The type of construction of the "fiberglass hull" is important, as is the type of repair. In my experience, a thicker hull is generally easier to repair than a thinner hull. Most hulls, particularly thin hulls, are supported in part by liners, stringers, bulkheads, and so on. A good repair must deal with any weakening of bonding between hull and these components and any impairment to these components. A hollow sound could be simply the sound of the hull where your tapping has moved away from the stringers or bulkheads. These structural components make a much more solid sound when you tap close to them and the sound becomes more hollow as you move away. But it could also indicate voids within the hull, delamination, or blisters, which could indicate inherent problems existing before the damage, or that the damage extends out from the point of impact. Get a qualified surveyor to check out the boat before you use it.
— Published: June/July 2013
The capsize of a 34-foot cabin cruiser in Long Island Sound raises questions about boat carrying capacities
Can the modern fishfinder's digital-processing capabilities outsmart a seasoned fishing captain?
Tideminders are balls that roll up and down a piling, automatically adjusting the line for the tide level
When Distributing Weight, Beware
The 4th of July offers one of boating's great pleasures — watching fireworks from the water. But a few precautions are in order.
In recent years we've seen boating tragedies caused by poor weight distribution or loading, even on powerboats in the 30-foot range. This is especially true during holidays such as the 4th of July, when fireworks displays create compelling opportunities to fill our boats with family and friends to take in the spectacle. But when overloaded boats tip beyond a critical point, they can capsize or rapidly take on water. Here are some tips to stay safe.
Every boat 20 feet or less has a plate showing the manufacturer's designed maximum capacity, including weight. If yours is missing, find out what it is, and take that number seriously, especially on unballasted powerboats. If one of your guests is unusually heavy, reduce capacity. Even if your load is less than max capacity, or you have a boat larger than 20 feet, beware of weight distribution. Avoid everyone moving to one side, or one end, to see something such as fireworks or a big fish. Some powerboats have seating in the bow, yet too much weight there while running adversely affects a boat's balance, steering, and ability to plane, and can also create the danger of flooding over the bow.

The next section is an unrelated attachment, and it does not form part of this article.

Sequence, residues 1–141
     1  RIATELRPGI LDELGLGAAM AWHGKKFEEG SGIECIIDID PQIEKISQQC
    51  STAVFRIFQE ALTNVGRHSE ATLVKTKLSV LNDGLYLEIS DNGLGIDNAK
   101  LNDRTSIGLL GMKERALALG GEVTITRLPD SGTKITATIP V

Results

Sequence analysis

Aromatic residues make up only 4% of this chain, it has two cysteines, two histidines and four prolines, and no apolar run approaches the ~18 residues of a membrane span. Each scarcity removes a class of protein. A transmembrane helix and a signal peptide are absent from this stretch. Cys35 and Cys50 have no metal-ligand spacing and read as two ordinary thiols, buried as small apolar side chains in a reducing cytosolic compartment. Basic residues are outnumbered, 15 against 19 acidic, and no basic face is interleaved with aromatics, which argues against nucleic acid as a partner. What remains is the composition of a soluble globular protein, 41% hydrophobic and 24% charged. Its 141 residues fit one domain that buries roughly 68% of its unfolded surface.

Allowing too many people on the flybridge, or other high areas, quickly changes an unballasted boat's center of gravity, making it susceptible to capsize. Fore and aft weight distribution is important, too. For example, too many people astern can cause flooding through the outboard cutout or over the transom, especially when the boat is hit by a wave, or wash from other boats in a harbor of festivities.
Carefully distribute heavy objects, keeping them low, secured, and centered if possible. Large coolers filled with liquid on center console-sized boats can cause quick flooding from wakes if placed in a stern quarter, especially if you add several adults. If you carry an extra or heavier anchor and chain, stow and secure it low in the boat, where it doesn't adversely affect stability. Consider the fullness of your fuel and water tanks, or bait/fish wells, which impact weight distribution. If you experience sluggish steering, unusual trim when your boat is running, or unusual responses when you turn the wheel, stop and figure out if you have a loading problem. Don't attempt to “correct” improper weight distribution with trim tabs.
Meet the Experts
BoatUS Magazine's technical editor, Beth Leonard, grew up powerboating, waterskiing, and fishing on Lake Ontario. Since 1992, she and her husband have completed two circumnavigations on two sailboats, doing all maintenance themselves. They also installed the systems on their 47-foot aluminum sloop. Beth has written The Voyager's Handbook, the how-to bible for offshore sailors, and hundreds of technical articles.
He's cruised long distance with his family for most of his adult life. He can take apart and fix almost every system aboard, has written two books, filmed a two-set DVD on East Coast cruising, written for top marine magazines, and has won nine first-place awards from Boating Writers International and many awards for his technical writing.
One of the most consulted experts on boat care and upgrades for 30 years. He and his wife cruise their 30-footer part of the year in the eastern Caribbean. His books include Don Casey's Complete Illustrated Sailboat Maintenance Manual, and the recently updated This Old Boat, the bible for do-it-yourself boaters.
The president of the American Boat & Yacht Council, John has been in the industry since 1990, with experience from a yacht brokerage and boatyard to owning a marine supply store. He and his family sail their classic 1976 Irwin ketch, a boat he completely restored.